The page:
There are a surprising range of charges that may get your driver’s license, and therefore your driving privileges, suspended.
One of the most common reasons for license suspension is a conviction for driving under the influence (DUI), also known as OVI – operating a vehicle while impaired. If you’re arrested and given a breath, blood, or urine test and the results indicate alcohol or drugs above the legal level, an Administrative License Suspension (ALS) is imposed. If you are convicted of DUI or OVI, you will receive a court ordered OVI suspension. If you are arrested and refuse a blood, breath, or urine test your license will be suspended.
In addition, a “physical control” conviction can also result in having your driver’s license suspended. “Physical control,” according to Ohio law, is: “… being in the driver’s position of the front seat of a vehicle or in the driver’s position of a streetcar or trackless trolley and having possession of the vehicle’s, streetcar’s, or trackless trolley’s ignition key or other ignition device.”
If you are caught operating a vehicle without “proof of financial responsibility” (operating a vehicle without insurance) your license will be suspended. This is called non-compliance suspension.
Non-payment of child support can also result in a driver’s license suspension.
The cost of reinstating your license is not cheap. It will cost you $475 to reinstate your license as a result of a DUI suspension. The Ohio Bureau of Motor Vehicles does now offer an installment plan to pay for some reinstatement fees. In order to be eligible for the installment plan, all other reinstatement requirements must be met – such as providing proof of insurance. The Ohio BMV tells drivers this about the installment plan: “The plan will allow individuals owing $150 or more in reinstatement fees to become valid or eligible to retest for a driver license by paying only $50.00 or more every 30 days for as long as it takes to pay their reinstatement fees.”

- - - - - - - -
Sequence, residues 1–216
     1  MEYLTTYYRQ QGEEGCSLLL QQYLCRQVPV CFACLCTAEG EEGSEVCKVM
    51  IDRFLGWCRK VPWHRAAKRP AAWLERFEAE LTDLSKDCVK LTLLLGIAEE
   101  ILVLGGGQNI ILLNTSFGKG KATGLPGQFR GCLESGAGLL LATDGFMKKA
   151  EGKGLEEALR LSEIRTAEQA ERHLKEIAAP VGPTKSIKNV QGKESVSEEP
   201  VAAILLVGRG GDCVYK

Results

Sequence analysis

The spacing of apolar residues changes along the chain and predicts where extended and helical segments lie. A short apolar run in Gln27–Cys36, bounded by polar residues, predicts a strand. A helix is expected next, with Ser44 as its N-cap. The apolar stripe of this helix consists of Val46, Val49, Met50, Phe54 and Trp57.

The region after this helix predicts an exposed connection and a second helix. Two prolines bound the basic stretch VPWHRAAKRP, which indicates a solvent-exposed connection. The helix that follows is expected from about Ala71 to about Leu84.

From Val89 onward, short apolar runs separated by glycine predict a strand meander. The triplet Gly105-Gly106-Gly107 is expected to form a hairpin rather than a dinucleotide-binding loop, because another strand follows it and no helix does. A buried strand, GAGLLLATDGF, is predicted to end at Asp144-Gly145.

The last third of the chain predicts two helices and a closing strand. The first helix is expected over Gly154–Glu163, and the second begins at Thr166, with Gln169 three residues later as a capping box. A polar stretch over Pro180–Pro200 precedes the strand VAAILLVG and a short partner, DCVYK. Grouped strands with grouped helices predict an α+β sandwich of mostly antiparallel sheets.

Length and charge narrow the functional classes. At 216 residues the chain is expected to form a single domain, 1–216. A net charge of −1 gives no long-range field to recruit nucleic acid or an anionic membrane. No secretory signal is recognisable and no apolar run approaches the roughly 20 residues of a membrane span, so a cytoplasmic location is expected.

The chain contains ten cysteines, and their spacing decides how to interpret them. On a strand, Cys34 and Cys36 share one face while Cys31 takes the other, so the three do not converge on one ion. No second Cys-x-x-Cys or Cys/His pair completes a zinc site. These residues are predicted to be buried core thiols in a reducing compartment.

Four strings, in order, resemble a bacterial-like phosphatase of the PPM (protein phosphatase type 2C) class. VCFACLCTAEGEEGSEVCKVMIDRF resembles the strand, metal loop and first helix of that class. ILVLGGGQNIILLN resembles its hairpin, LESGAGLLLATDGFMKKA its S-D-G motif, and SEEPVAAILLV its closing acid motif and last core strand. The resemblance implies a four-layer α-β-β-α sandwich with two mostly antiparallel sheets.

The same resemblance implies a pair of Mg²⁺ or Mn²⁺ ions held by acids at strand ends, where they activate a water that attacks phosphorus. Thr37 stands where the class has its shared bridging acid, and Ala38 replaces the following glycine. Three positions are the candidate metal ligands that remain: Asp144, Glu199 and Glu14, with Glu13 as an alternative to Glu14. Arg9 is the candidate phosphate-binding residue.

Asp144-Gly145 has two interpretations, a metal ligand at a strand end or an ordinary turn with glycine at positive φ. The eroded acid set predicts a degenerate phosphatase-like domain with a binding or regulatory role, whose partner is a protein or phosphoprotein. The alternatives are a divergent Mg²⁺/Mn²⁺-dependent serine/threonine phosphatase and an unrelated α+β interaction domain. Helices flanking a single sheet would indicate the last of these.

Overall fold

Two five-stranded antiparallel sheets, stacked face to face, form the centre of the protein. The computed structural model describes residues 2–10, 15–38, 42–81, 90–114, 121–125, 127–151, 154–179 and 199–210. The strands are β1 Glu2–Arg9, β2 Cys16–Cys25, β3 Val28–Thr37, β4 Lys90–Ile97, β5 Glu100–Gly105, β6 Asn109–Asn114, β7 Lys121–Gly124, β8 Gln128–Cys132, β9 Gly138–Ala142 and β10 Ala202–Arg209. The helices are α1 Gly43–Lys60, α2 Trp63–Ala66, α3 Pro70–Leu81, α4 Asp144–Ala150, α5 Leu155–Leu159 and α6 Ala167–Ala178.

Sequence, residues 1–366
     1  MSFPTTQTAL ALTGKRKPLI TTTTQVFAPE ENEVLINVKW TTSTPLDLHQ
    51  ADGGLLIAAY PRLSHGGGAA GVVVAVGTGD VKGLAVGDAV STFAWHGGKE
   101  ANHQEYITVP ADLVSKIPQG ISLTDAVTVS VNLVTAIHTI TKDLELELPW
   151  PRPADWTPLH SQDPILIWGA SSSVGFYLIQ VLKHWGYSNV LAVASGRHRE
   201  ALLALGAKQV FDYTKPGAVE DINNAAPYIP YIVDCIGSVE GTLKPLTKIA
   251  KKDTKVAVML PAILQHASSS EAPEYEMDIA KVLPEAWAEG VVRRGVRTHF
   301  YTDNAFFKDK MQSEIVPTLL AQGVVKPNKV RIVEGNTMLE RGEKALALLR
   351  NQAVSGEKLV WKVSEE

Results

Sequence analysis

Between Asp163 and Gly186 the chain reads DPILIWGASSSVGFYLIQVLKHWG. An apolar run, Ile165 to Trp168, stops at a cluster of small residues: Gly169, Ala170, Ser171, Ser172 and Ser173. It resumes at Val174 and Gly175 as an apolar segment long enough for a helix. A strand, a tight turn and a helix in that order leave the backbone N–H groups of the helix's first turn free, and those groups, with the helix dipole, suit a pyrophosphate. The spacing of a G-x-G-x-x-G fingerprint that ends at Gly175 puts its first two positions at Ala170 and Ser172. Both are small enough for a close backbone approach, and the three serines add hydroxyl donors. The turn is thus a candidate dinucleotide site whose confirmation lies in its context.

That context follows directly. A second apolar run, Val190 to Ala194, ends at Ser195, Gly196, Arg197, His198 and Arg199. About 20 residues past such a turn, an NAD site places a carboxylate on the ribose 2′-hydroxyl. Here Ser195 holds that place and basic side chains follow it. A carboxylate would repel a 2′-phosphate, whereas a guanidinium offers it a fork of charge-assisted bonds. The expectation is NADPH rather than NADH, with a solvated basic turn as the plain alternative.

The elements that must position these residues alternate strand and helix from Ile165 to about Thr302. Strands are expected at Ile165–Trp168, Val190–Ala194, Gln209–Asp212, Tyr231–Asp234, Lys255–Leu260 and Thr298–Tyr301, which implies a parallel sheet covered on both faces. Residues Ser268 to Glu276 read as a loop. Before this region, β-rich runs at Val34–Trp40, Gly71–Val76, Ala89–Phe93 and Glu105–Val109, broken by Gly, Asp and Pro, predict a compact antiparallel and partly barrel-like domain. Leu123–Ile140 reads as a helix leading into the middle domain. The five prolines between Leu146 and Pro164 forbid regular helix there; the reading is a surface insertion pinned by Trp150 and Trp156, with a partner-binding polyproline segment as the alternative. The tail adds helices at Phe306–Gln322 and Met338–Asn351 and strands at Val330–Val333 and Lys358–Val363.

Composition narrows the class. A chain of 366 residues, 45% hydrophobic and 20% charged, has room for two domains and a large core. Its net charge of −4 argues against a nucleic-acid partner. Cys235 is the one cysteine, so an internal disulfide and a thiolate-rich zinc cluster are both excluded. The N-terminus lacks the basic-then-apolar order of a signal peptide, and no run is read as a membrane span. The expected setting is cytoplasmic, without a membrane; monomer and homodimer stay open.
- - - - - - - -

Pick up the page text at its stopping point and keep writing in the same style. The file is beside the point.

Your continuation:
If you have received an OVI suspension, the suspension may be appealed during your initial court appearance, which should happen within five days after arrest, or within 30 days after your first court appearance. You also have the option to request a “Limited Driving Privilege Order.” Under this order you may be allowed to drive to and from work, for educational, medical, and other reasons. In order to use limited driving privileges, your driver’s license must not be expired and must otherwise be valid. If you have more than one suspension, you must have an order for each suspension you are serving.
If you have had your driver’s license suspended as the result of an DUI charge, or based on any of the other number of suspension charges, don’t allow the deck to continue to be stacked against you. You need the representation of a skilled, experienced Columbus, Ohio, Driving Under Suspension Lawyer who can help you navigate the court and the Ohio BMV. Call The Maher Law Firm today for a free consultation at 614-205-2208 or contact us online.